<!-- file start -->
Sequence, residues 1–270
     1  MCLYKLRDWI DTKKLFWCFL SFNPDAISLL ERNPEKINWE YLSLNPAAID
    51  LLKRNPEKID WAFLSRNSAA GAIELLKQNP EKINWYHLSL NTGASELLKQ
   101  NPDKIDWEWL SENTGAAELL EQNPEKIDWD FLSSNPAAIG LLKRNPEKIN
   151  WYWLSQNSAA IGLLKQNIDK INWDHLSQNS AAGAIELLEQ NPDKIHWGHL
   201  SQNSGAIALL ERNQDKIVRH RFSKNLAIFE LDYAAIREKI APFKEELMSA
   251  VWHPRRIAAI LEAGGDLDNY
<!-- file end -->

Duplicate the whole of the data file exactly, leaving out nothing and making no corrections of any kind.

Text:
Sequence, residues 1–270
     1  MCLYKLRDWI DTKKLFWCFL SFNPDAISLL ERNPEKINWE YLSLNPAAID
    51  LLKRNPEKID WAFLSRNSAA GAIELLKQNP EKINWYHLSL NTGASELLKQ
   101  NPDKIDWEWL SENTGAAELL EQNPEKIDWD FLSSNPAAIG LLKRNPEKIN
   151  WYWLSQNSAA IGLLKQNIDK INWDHLSQNS AAGAIELLEQ NPDKIHWGHL
   201  SQNSGAIALL ERNQDKIVRH RFSKNLAIFE LDYAAIREKI APFKEELMSA
   251  VWHPRRIAAI LEAGGDLDNY